Electrodeposited Functional Nanowires for Energy Applications


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Nanostructuring functional materials can lead to a variety of enhanced intrinsic material properties. In particular, nanowires (NWs) have large surface-to-volume ratio and large aspect ratio (length / diameter), which makes them sensitive to low-amplitude vibrations and have increased flexibility compared to the bulk form of the material. In this thesis, piezoelectric, ferroelectric, ferromagnetic and magnetoelectric (ME) NWs have been explored in the context of vibrational energy harvesting and magnetic energy harvesting and sensing; because of their increased piezoelectric coefficients and ME coupling compared to bulk.

Low-temperature, solution-processable and hence scalable fabrication techniques have been used throughout this work. Electrochemical deposition or electrodeposition (ED) in conjunction with nanoporous templates i.e. template-assisted electrodeposition (TAED) have been used to grow piezoelectric zinc oxide (ZnO) and ferromagnetic nickel (Ni) NWs and three template-wetting based techniques have been used to grow ferroelectric poly(vinylidene fluoride trifluoroethylene) (P(VDF-TrFE)) NWs and nanotubes (NTs). Both techniques have been optimised and subsequently combined to synthesise core-shell or (1-1) Ni - P(VDF-TrFE) composite NWs. The structural and crystalline properties of each type of nanostructure has been studied using a variety of techniques including: scanning electron microscopy (SEM), energy dispersive X-ray analysis (EDX), X-ray diffraction (XRD) and transmission electron microscopy (TEM) and all of the NWs have been shown to be polycrystalline.

The energy harvesting performance of vertically aligned ZnO NW arrays embedded in flexible, polycarbonate (PC) templates when incorporated into a flexible nanocomposite nanogenerator (NG), has been tested via periodic impacting and flexing of the NG at different frequencies. The voltage (V), current (I) and power were recorded during testing and measured across a range of external load resistances. The aligned nature of the embedded NWs ensures good piezoelectric performance across the entire device under impacting, while the PC template ensures mechanical stability and longevity of the device, confirmed by good fatigue performance over 24 hours of continuous testing, which is rarely studied in this field. The power density (Pd) was found to be 151 mW m−3 for low-amplitude (0.68 mm) and low-frequency (5 Hz) impacting, resulting in energy conversion efficiencies (χ) and device efficiencies (χ') of 4.2 % and 3.76 x 10−3 % respectively. The nanoscale or surface piezoelectric charge coefficient (d33) was measured to be 12.5 pm V−1 on an individual ZnO NW, using a combination of Kelvin probe force microscopy (KPFM) and non--destructive piezoresponse force microscopy (ND-PFM).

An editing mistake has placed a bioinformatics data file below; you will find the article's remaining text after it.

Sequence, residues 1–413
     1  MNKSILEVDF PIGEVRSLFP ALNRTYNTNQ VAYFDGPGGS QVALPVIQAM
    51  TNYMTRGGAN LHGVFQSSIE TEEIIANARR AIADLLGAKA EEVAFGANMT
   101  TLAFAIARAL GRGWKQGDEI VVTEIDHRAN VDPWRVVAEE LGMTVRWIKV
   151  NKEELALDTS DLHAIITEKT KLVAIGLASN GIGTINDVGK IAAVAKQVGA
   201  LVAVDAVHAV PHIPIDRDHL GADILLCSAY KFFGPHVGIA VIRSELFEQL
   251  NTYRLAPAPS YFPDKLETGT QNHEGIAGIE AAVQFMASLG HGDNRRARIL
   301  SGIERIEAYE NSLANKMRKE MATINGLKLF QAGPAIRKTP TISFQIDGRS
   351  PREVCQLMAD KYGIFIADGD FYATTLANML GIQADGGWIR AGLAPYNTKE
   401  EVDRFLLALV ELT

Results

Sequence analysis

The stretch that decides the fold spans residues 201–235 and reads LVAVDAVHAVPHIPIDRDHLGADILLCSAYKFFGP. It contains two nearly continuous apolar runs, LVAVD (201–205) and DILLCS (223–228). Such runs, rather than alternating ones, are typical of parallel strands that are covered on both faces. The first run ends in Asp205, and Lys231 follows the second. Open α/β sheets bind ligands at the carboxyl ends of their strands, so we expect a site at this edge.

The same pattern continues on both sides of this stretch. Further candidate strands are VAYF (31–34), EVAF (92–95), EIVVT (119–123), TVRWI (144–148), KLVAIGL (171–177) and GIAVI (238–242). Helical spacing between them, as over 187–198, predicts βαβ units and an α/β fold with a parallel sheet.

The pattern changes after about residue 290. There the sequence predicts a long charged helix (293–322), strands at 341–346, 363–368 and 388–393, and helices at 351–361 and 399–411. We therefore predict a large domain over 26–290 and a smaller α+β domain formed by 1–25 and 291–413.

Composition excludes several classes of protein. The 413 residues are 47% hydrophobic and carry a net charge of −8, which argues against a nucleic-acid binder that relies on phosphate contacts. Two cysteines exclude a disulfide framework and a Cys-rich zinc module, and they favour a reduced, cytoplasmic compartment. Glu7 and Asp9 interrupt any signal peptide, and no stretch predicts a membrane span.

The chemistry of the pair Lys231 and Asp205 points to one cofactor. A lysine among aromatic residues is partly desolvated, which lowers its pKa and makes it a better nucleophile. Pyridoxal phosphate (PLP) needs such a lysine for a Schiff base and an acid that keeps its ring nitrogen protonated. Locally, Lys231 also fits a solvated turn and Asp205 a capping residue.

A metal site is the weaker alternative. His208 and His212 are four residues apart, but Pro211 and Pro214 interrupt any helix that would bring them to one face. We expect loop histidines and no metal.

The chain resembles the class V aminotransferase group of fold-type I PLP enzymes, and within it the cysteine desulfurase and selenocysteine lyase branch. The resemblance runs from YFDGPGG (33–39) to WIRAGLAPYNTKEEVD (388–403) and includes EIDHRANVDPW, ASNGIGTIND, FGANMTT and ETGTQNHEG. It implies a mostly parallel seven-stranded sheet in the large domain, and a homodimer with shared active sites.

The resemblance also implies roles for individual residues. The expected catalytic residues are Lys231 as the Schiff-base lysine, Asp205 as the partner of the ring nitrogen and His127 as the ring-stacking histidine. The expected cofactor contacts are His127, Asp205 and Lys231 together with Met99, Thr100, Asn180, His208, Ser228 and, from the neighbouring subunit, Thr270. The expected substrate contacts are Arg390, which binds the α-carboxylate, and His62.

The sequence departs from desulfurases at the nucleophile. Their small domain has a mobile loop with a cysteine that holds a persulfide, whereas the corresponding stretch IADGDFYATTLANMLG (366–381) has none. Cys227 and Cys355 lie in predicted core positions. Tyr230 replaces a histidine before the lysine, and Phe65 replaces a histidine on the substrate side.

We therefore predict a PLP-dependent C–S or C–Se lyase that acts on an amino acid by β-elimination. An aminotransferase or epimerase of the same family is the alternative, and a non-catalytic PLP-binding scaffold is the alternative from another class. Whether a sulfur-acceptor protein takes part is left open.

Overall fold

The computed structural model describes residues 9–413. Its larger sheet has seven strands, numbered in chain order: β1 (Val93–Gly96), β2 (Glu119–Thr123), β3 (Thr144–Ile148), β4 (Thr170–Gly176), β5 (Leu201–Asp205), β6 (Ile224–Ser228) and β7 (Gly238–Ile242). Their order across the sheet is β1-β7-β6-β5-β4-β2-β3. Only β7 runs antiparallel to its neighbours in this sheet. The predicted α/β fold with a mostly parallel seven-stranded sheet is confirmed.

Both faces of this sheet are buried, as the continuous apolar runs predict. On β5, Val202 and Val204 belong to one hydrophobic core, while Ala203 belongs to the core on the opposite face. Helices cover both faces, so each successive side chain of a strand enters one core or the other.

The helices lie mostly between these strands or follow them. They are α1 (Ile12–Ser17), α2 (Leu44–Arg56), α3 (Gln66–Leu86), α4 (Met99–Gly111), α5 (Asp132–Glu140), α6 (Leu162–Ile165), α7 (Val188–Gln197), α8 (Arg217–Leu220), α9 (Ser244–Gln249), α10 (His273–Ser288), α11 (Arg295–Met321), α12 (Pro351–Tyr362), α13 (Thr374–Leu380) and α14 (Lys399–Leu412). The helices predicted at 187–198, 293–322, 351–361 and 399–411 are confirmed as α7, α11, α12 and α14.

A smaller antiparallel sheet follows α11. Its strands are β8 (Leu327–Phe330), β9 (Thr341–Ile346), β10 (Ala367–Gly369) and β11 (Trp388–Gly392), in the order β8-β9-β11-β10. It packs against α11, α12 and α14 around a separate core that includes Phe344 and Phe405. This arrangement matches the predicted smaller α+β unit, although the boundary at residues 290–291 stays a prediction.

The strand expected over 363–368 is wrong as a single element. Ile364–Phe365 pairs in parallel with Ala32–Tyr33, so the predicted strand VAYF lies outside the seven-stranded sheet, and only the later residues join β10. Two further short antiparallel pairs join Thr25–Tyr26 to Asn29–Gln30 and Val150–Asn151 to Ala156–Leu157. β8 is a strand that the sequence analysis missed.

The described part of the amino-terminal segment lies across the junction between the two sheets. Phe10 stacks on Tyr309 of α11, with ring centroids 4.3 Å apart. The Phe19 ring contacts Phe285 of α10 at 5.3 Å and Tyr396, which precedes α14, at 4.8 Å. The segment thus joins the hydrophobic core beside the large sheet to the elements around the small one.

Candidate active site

Both nanoscale and bulk ME measurements have been performed on Ni - P(VDF-TrFE) ME composite (1-1) NWs, nanocomposite (1-3) films and (2-2) laminates. The latter two structures have been fabricated using TAED and ED for the Ni NW and film respectively, in combination with drop-casting and spin-coating for the P(VDF-TrFE) films. The scanning probe microscopy (SPM) measurements used here include atomic force microscopy (AFM), KPFM, magnetic force microscopy (MFM) and piezoresponse force microscopy (PFM) and it has been found that the ME coupling in the (1-1) composites NWs is enhanced compared to the other structures, confirmed by approximating the converse ME coupling coefficient (αC) of each composite. Additionally, vibrating sample magnetometry (VSM) has been used to confirm the ferromagnetic nature of the Ni phases in the composite structures.

ME composite devices based on (2-2) and (1-3) composite materials and have been fabricated and preliminary bulk ME measurements of the ME coupling coefficient (αE) plus energy harvesting measurements have also been performed as a proof of concept that the nanoscale ME coupling translates to the bulk, to some extent.

Kar-Narayan, Sohini
nanowires, piezoelectric, magnetoelectric, electrodeposition, functional nanowires, scalable, template-assisted growth of nanostructures, nanotechnology, energy harvesting, sensing, scanning probe microscopy
Doctor of Philosophy (PhD)
Awarding Institution
University of Cambridge